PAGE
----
For the past month or so, Southern Farm Network has been profiling the democratic and republican candidates for North Carolina Commissioner of Agriculture. Today, we have our last installment with democratic challenger Walter Smith. Smith explains the process he would take to bring young people into the fold of agriculture with the median age of farmers in the state on the rise:
“We have to build a strong and diverse agriculture in North Carolina. This is the way we will save family farms and make them profitable. Through specialty crops and value added crops, also ag tourism and wind/solar farming. These are things that are very diverse and they have the attention of the younger people. These are exciting areas that will encourage them to get into farming. And once they see what is happening in the agricultural industry and they see that agriculture is once again profitable, especially the small farms that they are able to start on, I think we will be able to attract younger people in the farming industry.
Our average age of a farmer now is about 56-57 years old. We will partner with the agricultural department, our universities, our commodity associations and our farm organizations to target potential young farmers. There are resources out there; grants, loans, public and private nonprofit organizations, all of these have some money that can help youth farmers get into the business. The problem is, its so widespread that no one really has a handle on what is out there. I would like to see the Department of Agriculture assimilate all of this information and have it readily available for the new farmers.
We will also have to be sure we pass a new inheritance tax law. The federal law will expire the end of this year and right now it allows a $5 million exemption in inheritance tax for agribusiness and farmers. The new law, when it takes effect, will go down to $1 million. Anyone who has dealt with agriculture knows that $1 million does not go very far. I am proposing that we exempt all agribusinesses and farmers up to $5 million for the inheritance tax so that the farm can be passed down to the family without having to take the farm to pay for these taxes.”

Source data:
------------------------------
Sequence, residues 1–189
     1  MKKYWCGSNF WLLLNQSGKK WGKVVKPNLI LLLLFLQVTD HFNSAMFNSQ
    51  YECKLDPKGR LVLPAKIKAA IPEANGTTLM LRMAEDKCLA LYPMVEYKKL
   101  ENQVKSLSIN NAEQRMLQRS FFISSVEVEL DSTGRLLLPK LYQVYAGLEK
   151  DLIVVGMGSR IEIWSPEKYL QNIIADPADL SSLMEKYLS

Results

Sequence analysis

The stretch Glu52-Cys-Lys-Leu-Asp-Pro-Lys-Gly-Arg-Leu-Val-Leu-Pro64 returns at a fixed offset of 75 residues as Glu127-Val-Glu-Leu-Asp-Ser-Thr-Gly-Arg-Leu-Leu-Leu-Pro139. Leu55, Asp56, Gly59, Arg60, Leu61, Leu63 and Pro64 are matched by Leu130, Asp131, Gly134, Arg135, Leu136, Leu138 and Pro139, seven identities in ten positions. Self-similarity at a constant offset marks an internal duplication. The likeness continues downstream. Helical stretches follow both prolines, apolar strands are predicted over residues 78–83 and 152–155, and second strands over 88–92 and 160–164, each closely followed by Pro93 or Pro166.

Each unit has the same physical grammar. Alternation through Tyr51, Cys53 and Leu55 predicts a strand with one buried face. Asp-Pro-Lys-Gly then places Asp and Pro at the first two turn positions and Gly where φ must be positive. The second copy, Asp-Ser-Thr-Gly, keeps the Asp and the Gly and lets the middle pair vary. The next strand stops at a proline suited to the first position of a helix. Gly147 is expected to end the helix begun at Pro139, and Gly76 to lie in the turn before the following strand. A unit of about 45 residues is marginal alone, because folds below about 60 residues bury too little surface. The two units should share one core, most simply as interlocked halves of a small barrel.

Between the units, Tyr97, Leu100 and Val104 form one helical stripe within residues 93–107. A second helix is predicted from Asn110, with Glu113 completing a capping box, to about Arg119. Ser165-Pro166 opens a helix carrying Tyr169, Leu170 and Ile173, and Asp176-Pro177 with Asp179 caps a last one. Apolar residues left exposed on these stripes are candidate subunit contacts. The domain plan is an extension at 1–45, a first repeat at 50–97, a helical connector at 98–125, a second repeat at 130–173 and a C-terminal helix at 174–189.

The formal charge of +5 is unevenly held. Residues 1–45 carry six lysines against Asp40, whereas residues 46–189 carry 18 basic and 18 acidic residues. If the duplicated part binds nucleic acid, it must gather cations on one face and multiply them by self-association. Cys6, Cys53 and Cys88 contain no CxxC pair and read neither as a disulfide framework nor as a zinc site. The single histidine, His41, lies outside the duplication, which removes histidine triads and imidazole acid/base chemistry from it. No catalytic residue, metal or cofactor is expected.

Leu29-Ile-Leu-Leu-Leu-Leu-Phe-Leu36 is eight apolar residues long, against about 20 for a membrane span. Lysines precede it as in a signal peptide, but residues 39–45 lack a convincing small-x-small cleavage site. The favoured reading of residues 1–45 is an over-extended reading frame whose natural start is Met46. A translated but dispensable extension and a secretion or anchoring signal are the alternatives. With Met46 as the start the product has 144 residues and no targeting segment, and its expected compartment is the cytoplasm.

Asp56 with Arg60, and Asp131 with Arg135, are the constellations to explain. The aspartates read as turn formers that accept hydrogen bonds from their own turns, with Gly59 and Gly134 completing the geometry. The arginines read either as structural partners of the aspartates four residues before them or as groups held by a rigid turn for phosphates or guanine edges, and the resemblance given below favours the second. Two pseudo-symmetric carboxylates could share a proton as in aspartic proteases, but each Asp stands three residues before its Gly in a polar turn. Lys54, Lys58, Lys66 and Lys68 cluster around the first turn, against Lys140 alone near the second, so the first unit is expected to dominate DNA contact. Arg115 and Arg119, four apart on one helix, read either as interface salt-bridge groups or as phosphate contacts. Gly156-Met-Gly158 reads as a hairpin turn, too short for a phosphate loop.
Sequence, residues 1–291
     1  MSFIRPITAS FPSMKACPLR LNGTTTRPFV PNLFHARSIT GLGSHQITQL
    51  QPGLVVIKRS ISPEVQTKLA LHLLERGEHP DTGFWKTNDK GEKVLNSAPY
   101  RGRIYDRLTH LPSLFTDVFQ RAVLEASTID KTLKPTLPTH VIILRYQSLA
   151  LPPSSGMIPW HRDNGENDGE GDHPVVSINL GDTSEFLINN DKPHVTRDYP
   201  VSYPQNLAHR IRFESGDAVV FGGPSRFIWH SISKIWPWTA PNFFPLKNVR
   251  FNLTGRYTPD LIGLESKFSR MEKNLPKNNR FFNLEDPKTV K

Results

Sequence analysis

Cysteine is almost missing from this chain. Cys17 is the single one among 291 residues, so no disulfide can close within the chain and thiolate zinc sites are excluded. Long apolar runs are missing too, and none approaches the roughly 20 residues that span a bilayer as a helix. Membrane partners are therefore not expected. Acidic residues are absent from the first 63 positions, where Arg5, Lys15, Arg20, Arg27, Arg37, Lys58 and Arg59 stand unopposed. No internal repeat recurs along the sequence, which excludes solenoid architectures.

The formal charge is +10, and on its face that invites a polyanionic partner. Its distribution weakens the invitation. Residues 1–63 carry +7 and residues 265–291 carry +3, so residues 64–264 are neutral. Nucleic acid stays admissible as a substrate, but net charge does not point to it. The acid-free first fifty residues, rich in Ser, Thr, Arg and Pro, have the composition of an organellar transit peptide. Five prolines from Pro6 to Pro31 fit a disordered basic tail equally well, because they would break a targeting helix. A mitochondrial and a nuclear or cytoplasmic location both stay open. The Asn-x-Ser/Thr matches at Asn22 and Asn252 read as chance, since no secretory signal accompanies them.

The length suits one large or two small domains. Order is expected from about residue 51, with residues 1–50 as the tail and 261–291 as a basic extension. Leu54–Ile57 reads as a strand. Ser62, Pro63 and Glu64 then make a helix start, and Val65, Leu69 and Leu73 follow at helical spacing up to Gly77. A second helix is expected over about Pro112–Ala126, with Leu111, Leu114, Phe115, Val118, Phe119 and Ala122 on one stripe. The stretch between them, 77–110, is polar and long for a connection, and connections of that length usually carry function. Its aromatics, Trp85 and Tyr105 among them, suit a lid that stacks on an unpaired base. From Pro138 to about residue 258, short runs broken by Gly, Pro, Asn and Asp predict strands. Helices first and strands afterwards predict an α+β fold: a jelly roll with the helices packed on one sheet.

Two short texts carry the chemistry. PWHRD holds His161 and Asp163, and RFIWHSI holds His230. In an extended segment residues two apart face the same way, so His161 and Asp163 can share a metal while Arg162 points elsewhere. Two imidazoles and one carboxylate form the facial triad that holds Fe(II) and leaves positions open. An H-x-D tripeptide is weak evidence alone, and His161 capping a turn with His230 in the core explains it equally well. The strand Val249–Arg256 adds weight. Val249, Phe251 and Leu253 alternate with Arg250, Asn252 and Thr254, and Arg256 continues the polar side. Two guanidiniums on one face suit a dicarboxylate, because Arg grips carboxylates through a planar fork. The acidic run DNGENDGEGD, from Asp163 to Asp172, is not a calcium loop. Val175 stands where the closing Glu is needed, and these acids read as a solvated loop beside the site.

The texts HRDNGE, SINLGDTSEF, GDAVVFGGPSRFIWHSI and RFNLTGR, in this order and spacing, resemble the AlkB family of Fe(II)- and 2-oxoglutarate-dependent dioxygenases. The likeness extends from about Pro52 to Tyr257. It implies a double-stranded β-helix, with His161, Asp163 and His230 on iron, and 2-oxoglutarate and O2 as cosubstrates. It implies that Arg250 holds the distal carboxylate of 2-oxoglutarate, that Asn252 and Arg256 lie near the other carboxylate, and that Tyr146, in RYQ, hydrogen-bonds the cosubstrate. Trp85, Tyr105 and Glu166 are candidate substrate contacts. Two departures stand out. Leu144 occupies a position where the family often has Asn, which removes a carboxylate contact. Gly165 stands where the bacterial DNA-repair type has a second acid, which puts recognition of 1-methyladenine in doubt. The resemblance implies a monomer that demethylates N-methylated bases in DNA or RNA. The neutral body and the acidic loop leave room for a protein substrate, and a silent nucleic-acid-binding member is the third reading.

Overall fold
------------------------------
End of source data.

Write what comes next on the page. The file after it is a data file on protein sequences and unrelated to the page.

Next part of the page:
Smith’s closing remarks:
“I look forward to working with all of North Carolina as Agricultural Commissioner. I have four main platforms in my campaign. They are building a strong agriculture, animal welfare, environmental issues and food and consumer safety. I want to make North Carolina number one in the nation in food safety. We can do this with your help. I urge you to get out and vote.”
Early voting wraps up in the state on Saturday, November 3rd, with the general election taking place on Tuesday, November 5th.
Tomorrow we’ll conclude our series on the candidates for North Carolina Ag Commissioner with incumbent republican Steve Troxler. For more comments from the candidates,click here. Also, take a look at our poll question on the election at the bottom of the home page.